Monday, January 7, 2013

Late Posting of Christmas Meditation

Praised be Jesus, Mary, and Joseph!

“What came to be through him was life, and this life was the light of the human race; the light shines in the darkness, and the darkness has not overcome it.” The birth of the Son of God made man occurred in the middle of the night and so the darkness seemed to have obscured this great mystery that has come into the world. However, the great multitude of heavenly hosts filled the skies with heavenly light to announce to the world that on this day is born him who is called the Christ and Lord. Christmas day has come upon us and as light fills the morning skies, the mystery is revealed to us: The Word, who in the beginning was with God and is God, is now made flesh and he dwells among us. God the Son comes to give life. He is the Light that shines in the darkness and no matter how thick the darkness was, He was never overcome by it. He who is born today says: “I am the Light of the world. Whoever follows me will never walk in darkness but will have the light of life.” (Jn. 8:12) If we listen to him and follow him, we will never walk in darkness. Why? It is because his light, his glory is filled with grace and truth. He is the Light because he is the Truth. He is the Light because he is the Life. His light is both Truth and Life.

So many people today undermine the Lord who is born for us. Many people pretend to be enlightened as they oppose the teachings of Christ. I remember a senator who told the Church, “Do not pray for our enlightenment because we have already been enlightened…that is why we support the RH Bill.” Last night, the Holy Father spoke of the way we reject Christ who knocks at the door of our intellect:  Does God actually have a place in our thinking? Our process of thinking is structured in such a way that he simply ought not to exist. Even if he seems to knock at the door of our thinking, he has to be explained away. If thinking is to be taken seriously, it must be structured in such a way that the ‘God hypothesis’ becomes superfluous. There is no room for him.” (Homily on Christmas Night, 2012) St. Augustine wrote: “Although this life is the light of men, yet the foolish of heart cannot comprehend that light, because they have grown blind through sin, so that they cannot perceive it. Lest therefore they should think that there is no light because they do not see it, there follows: and the light shines in the darkness, and the darkness did not comprehend it. For though to a blind man standing in the sun, the sun in indeed present, but he is absent to the sun; so the foolish heart is truly blind to wisdom, although it is beside him. But while thus present to the blinded, it is absent to his eyes; not because it is absent to him, but because he is absent to it.” (Tr. 1, in John; Catena Aurea) “The deceit of worldly hearts cannot perceive the Light of God, shining in their flesh.” (Origen)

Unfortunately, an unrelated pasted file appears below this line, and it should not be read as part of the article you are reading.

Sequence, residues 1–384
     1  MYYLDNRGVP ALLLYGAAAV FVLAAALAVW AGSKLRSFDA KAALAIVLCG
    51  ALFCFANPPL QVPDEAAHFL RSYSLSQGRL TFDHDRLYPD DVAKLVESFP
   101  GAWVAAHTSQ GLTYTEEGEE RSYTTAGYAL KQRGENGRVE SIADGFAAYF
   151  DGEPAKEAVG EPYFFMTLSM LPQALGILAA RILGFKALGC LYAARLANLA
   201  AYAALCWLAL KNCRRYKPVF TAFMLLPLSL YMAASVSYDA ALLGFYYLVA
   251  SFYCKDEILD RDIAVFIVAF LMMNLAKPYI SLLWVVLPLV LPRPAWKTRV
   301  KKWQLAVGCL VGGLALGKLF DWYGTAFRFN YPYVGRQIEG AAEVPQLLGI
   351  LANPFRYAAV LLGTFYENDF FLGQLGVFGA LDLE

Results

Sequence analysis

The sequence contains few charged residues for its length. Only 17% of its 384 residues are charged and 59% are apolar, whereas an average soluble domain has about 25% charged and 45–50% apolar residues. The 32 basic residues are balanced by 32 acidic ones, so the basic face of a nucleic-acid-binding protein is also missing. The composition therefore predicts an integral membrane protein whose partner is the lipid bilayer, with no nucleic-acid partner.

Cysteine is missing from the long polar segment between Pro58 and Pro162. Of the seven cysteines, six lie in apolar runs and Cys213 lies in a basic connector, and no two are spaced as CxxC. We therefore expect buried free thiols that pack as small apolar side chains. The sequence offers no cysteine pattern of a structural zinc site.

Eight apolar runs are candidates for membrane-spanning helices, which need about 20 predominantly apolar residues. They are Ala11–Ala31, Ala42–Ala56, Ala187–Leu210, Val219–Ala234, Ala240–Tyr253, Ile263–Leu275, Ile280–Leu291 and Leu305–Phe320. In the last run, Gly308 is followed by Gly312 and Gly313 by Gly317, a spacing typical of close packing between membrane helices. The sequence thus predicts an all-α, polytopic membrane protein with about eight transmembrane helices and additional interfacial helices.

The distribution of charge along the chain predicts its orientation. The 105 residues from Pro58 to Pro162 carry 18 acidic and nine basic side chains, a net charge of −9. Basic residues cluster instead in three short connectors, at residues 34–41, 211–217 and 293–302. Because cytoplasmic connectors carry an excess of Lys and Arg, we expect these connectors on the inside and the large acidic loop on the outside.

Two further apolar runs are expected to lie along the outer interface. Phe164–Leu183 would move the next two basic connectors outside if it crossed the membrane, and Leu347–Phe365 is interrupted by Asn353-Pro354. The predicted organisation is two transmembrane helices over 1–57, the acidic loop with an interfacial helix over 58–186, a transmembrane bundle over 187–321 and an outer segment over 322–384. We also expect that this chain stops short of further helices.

“But you were once in darkness,” says St. Paul, “but now you are light in the Lord.” (Eph 5, 8) Because we believe in the Lord and we follow him, we do not walk in darkness. We are not fools who say that there is no God. Faith allows us to recognize in the child of Bethlehem the invisible God. Faith enables us to open the doors of our intellect and hearts to Him who knocks. Faith makes us walk in the light. Origen said, “The light shines in the darkness of believing souls, beginning from faith, and approaching to hope.”  “This light which has become the light of men, shines in the darkness of our souls, and enters in where the ruler of this darkness wars with the human race (Eph 6, 12). The darkness persecutes this light…the darkness contending against the children of light. But since the Father is their defender, the darkness will not prevail.” (Origen) And so, as the darkness of the culture of death spreads throughout the nation, let us keep following Christ who is light. Let us fortify our families in the Catholic faith. Let us continue to uphold life. Let us continue to uphold Truth. Let us not waver in the faith. Yes, the darkness persecutes this light. Yes, the darkness contends against the children of light. But let us stand fast in the faith for the Father is our defender, the darkness will not prevail. The darkness cannot overcome the light!